One things for sure: if the ride is running, there's nothing to be concerned about. Cedar Point takes safety on their coasters VERY seriously.
Invertalon wrote:However, this is a retrofit.
Makes no difference.
Invertalon wrote:The wood that was used on much of the existing structure is 27 years old. Weathered, in use for many years. Likely, the structural properties of that wood has changed from the “norm”. Unless they pulled out wood in use and had it tested to reinforce their calculations, they could only estimate per-say the properties given the material.
It would be pretty far fetched to think they ignored pulling out and testing the wood. They replaced any of it that needed replacing. If you look closely at the vast structure while waiting in line you can see very very random spots where new wood was replaced, where bolts were removed, re-drilled, re-fastened. Even in places where you wouldn't even think it mattered. It wouldn't surprise me if they inspected EVERY SINGLE PIECE of wood and bolt on the entire structure, seeing as they had 2 years for the retrofit. Not to mention I would bet the steel track has made the structure *stronger* rather than weaker. They practically took I-beams and permanently fastened the entire thing together.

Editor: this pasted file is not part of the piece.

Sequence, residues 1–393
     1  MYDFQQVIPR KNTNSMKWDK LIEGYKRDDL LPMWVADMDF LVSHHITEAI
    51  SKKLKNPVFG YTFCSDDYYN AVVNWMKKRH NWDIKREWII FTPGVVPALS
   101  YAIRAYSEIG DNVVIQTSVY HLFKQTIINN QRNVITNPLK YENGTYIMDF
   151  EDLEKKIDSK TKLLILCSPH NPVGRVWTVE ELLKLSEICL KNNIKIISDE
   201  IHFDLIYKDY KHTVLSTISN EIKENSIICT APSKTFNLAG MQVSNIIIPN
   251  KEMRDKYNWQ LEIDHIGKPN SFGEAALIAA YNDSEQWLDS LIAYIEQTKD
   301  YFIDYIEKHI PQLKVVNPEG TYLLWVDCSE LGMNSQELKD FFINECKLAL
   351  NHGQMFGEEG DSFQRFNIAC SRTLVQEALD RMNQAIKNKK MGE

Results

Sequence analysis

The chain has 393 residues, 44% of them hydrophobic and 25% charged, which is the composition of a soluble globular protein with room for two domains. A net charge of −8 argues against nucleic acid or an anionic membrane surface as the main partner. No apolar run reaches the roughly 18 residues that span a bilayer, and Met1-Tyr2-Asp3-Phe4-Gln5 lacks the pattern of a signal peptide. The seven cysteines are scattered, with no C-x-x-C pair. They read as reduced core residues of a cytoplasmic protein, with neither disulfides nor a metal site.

Invertalon wrote:Overbuilding is expensive and often unnecessary. Now that (at least it is assumed) the structure is deflecting more than anticipated, they will find ways to reinforce it from causing damage long-term, or worse, critical failure.
Not sure if they were always there, but there were definitely cables attached to the section of the structure where the first inversion starts to where it goes through the lift hill. That section was really swaying pretty good, but nothing that seemed out of the ordinary for a wooden supported coaster. One thing I'm not sure about with RMC's is if they weld the track after bolting it? That's one thing I can think of which would be a problem with so much flexing, you might see some welding cracks, and in that case they might be up on lifts getting those repaired. Or to check the gauge spacing between track pieces. I would not doubt that they track walk the entire structure 7 sections at a time throughout the entire 7 day week.
Again, nothing out of the ordinary. Used to be a mechanic at a couple theme parks, track walking and finding a weld crack to fix for a ride that's going to open the same day is really just par for the course.